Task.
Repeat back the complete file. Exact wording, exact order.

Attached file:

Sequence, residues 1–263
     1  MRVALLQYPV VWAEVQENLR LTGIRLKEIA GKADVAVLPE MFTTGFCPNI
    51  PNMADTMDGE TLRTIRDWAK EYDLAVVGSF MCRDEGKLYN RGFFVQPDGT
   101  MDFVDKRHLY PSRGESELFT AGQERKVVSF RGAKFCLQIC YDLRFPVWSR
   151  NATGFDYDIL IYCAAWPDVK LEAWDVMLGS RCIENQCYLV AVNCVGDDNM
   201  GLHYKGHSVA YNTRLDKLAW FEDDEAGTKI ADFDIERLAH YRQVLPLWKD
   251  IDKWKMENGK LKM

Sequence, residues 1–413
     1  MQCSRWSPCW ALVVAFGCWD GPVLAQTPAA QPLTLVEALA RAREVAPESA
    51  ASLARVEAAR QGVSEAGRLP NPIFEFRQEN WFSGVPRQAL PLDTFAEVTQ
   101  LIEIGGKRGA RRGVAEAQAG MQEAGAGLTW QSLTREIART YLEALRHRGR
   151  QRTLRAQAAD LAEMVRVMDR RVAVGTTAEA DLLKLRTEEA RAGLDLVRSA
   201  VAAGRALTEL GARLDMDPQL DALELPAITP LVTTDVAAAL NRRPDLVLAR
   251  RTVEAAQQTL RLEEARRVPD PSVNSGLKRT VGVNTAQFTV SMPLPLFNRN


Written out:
Sequence, residues 1–263
     1  MRVALLQYPV VWAEVQENLR LTGIRLKEIA GKADVAVLPE MFTTGFCPNI
    51  PNMADTMDGE TLRTIRDWAK EYDLAVVGSF MCRDEGKLYN RGFFVQPDGT
   101  MDFVDKRHLY PSRGESELFT AGQERKVVSF RGAKFCLQIC YDLRFPVWSR
   151  NATGFDYDIL IYCAAWPDVK LEAWDVMLGS RCIENQCYLV AVNCVGDDNM
   201  GLHYKGHSVA YNTRLDKLAW FEDDEAGTKI ADFDIERLAH YRQVLPLWKD
   251  IDKWKMENGK LKM

Sequence, residues 1–413
     1  MQCSRWSPCW ALVVAFGCWD GPVLAQTPAA QPLTLVEALA RAREVAPESA
    51  ASLARVEAAR QGVSEAGRLP NPIFEFRQEN WFSGVPRQAL PLDTFAEVTQ
   101  LIEIGGKRGA RRGVAEAQAG MQEAGAGLTW QSLTREIART YLEALRHRGR
   151  QRTLRAQAAD LAEMVRVMDR RVAVGTTAEA DLLKLRTEEA RAGLDLVRSA
   201  VAAGRALTEL GARLDMDPQL DALELPAITP LVTTDVAAAL NRRPDLVLAR
   251  RTVEAAQQTL RLEEARRVPD PSVNSGLKRT VGVNTAQFTV SMPLPLFNRN